The astronomical community has been fighting the fog of light pollution for decades – and in most places sadly losing the battle. Professional observatories around the world, even in seemingly remote regions, are being threatened by continuous brightening of the night sky. Light pollution is a global threat that not only ruins our views of the cosmos, but also wastes money and natural resources.
Under the partnership of the Royal Astronomical Society of Canada and Parks Canada, Canucks are leading the world in helping conserve astronomically dark skies with the creation of a series of protected stargazing sanctuaries what are being called Dark Sky Preserves (DSP). in fact this weekend marks the 10th anniversary of the first DSP , The Torrance Barrens Park in Ontario (about 2.5 hours drive north of Toronto) being inaugurated. in honour of the anniversary, Saturday night there will be public stargazing onsite with telescopes – pending clear skies.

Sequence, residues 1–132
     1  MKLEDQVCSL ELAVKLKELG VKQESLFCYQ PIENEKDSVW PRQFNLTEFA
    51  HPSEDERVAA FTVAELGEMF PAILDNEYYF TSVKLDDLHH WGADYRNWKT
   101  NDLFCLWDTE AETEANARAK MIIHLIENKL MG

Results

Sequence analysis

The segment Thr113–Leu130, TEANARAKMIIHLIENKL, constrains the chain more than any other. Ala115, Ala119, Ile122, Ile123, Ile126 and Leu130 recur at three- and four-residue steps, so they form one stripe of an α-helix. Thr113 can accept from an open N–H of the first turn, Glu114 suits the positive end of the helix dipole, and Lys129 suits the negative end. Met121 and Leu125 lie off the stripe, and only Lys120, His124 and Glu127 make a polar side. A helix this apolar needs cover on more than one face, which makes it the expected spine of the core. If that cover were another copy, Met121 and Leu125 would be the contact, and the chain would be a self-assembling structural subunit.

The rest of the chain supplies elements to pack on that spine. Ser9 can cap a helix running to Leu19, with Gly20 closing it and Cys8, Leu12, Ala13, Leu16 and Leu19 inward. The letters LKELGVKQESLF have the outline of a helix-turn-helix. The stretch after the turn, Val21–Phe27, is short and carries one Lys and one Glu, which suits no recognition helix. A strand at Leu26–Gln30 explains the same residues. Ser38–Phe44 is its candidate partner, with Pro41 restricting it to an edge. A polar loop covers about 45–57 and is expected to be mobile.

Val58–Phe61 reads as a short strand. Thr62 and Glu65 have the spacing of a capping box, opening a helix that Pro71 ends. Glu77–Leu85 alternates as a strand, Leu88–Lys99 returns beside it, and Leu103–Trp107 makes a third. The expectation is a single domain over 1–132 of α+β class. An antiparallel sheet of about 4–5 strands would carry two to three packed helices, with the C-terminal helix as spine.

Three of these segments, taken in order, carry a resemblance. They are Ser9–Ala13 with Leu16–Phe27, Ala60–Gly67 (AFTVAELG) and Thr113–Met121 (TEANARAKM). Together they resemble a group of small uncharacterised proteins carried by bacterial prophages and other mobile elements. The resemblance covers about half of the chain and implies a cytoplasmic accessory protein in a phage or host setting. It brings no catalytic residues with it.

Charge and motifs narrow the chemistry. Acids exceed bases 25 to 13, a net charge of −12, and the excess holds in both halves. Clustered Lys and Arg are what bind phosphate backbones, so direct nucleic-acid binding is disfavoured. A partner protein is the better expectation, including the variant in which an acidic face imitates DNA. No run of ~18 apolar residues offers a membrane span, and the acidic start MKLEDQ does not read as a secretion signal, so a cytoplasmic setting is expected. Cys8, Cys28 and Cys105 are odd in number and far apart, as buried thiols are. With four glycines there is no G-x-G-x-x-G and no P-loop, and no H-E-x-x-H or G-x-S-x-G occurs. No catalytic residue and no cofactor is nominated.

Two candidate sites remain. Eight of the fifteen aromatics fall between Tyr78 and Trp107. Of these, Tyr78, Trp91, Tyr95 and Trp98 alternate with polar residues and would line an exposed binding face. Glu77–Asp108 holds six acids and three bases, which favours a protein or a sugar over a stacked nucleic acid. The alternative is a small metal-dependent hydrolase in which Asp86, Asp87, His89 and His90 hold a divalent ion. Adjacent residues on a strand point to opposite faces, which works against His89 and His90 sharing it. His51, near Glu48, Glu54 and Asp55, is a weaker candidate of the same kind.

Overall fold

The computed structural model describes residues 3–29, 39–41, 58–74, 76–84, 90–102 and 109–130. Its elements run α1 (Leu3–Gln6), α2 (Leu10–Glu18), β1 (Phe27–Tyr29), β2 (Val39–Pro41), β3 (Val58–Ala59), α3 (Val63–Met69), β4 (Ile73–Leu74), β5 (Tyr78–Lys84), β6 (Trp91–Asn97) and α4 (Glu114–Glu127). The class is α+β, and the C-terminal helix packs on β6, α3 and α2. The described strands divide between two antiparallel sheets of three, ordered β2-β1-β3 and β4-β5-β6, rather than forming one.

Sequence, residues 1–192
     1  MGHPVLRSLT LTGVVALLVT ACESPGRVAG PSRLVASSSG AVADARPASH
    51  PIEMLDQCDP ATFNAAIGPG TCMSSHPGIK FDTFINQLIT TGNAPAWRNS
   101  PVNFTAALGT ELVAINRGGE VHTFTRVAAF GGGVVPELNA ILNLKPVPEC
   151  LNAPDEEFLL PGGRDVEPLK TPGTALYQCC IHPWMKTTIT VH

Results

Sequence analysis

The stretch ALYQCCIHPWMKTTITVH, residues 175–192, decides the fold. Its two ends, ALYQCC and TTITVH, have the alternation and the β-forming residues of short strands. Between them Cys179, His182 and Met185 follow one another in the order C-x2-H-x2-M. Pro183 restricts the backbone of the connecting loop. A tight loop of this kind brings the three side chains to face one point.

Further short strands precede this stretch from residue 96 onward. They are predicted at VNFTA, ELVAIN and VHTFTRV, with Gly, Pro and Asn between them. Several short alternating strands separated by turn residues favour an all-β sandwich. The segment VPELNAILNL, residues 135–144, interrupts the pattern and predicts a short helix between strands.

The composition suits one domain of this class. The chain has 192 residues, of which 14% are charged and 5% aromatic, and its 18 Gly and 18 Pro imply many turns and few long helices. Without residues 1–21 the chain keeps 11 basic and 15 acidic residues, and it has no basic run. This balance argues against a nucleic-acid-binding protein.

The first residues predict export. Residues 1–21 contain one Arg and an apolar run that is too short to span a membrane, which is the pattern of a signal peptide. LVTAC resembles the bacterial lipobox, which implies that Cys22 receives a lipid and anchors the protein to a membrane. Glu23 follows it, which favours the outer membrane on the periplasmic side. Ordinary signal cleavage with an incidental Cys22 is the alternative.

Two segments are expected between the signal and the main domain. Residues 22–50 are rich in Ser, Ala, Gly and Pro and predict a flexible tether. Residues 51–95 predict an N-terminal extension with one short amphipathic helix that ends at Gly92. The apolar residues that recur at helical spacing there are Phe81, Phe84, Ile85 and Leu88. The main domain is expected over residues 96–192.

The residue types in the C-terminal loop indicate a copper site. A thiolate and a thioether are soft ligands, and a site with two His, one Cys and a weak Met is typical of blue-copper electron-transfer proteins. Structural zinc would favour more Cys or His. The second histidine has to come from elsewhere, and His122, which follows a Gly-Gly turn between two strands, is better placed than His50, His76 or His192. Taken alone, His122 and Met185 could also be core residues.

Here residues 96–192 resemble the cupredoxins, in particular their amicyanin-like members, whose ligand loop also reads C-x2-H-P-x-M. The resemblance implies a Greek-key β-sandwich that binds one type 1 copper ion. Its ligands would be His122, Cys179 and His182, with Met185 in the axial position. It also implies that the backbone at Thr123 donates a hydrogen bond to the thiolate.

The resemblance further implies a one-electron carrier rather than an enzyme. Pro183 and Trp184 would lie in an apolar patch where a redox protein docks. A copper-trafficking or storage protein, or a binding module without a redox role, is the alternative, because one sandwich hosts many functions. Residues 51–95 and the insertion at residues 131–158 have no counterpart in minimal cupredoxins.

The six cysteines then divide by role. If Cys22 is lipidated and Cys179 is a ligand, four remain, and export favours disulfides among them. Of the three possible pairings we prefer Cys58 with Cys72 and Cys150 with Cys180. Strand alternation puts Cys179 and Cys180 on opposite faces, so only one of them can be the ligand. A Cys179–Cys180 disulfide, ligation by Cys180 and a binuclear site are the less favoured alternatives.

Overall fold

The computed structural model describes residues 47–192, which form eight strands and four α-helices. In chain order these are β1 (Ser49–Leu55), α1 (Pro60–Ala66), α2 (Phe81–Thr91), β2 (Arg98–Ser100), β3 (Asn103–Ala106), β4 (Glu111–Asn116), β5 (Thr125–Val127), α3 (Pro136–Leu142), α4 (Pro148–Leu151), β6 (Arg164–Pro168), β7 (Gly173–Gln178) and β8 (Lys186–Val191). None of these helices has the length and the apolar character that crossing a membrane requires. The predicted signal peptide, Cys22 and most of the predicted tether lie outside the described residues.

Big news for stargazers this month, the Grasslands National Park, in southern Saskatchewan has been designated as Canada’s eleventh Dark Sky Preserve! Located about 100 km south of Swift Current near the border with Montana it will be the largest dark sky conservation area in the world with 527 square kilometers protected from light pollution.
A press release put out on the RASC website says, “By protecting the Grasslands National Park from excessive artificial light, Parks Canada and the RASC are preserving the natural environment into the future so that visitors can enjoy the vitality of the nighttime wildlife and the awesome spectacle of a remarkably dark star-filled sky.”
For more information on the Royal Astronomical Society of Canada and other DSPs, see:
For general background info on what light pollution is and what you can do to help curb its growth visit the International Dark Sky Association’s website.
Tags: dark sky preserves, light pollution
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